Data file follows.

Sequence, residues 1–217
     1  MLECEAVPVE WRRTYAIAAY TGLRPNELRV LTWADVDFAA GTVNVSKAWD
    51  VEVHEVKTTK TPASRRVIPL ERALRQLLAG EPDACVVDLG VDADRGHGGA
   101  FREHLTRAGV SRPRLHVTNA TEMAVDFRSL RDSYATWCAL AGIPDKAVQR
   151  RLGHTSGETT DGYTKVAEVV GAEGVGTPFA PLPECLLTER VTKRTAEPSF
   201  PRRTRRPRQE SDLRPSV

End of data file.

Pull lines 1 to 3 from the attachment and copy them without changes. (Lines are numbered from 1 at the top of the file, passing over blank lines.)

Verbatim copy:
Sequence, residues 1–217
     1  MLECEAVPVE WRRTYAIAAY TGLRPNELRV LTWADVDFAA GTVNVSKAWD
    51  VEVHEVKTTK TPASRRVIPL ERALRQLLAG EPDACVVDLG VDADRGHGGA